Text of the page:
Mathematical Modeling

Prepared by:

Joseph Malkevitch
Department of Mathematics and Computer Studies
York College (CUNY)
Jamaica, New York

Mathematical modeling is the branch of mathematics which helps individuals, governments, and businesses (organizations) to get insight into problem situations which arise outside of mathematics. Examples include helping a city to design efficient street sweeper routes, assisting a company to decide the best mix of ingredients for a product to minimize cost or analyzing how a person can arrange an efficient route for running errands. The problems involved may involve the desire to optimize (find the "best" solution) a system, assess risk, be fair, or measure how much alike or dissimilar two things are. In this course problems arising from the desire to improve urban services and to understand fairness questions will be emphasized.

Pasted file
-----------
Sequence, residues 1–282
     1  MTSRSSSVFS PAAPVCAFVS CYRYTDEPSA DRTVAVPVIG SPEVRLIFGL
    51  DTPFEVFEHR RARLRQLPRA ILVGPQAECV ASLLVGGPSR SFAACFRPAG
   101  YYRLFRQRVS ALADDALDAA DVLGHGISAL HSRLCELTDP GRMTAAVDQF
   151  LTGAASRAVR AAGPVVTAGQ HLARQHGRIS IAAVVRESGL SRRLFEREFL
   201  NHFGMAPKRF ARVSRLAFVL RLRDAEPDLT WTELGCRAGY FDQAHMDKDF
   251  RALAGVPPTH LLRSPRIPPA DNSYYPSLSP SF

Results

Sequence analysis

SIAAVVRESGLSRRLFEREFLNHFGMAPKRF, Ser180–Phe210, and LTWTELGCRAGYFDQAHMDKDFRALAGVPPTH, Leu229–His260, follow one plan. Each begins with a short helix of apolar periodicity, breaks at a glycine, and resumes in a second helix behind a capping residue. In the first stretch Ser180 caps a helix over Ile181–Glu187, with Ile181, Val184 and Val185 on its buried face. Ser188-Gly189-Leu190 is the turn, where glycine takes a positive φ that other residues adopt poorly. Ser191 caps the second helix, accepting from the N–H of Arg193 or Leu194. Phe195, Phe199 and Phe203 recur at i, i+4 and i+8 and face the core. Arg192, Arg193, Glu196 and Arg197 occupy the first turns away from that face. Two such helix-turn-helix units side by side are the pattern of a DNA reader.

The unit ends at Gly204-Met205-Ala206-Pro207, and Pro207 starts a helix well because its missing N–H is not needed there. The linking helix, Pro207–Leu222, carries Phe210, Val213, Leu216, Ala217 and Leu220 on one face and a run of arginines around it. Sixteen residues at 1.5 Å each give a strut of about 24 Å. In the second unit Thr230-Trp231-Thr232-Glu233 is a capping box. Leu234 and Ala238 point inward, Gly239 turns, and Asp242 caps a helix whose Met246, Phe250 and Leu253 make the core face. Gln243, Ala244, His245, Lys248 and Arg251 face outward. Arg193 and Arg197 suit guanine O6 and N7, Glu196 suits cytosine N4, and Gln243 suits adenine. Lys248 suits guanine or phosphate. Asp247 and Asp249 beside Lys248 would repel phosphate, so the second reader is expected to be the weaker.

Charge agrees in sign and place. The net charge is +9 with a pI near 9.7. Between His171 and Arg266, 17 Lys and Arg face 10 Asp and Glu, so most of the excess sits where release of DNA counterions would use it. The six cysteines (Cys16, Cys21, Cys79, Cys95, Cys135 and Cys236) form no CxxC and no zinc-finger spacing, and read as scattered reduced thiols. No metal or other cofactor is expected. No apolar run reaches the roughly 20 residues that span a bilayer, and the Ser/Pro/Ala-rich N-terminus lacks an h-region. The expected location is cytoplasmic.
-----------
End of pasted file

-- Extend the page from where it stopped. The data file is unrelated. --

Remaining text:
The range of areas where mathematical modeling can be applied is very broad, and ranges over the sciences, humanities, social sciences, business, etc. Here these is an emphasis on Operations Research questions, particularly in an urban setting, and fairness questions.

Some of these ideas and materials were developed in cooperation with Stuart Weinberg of Teachers College.

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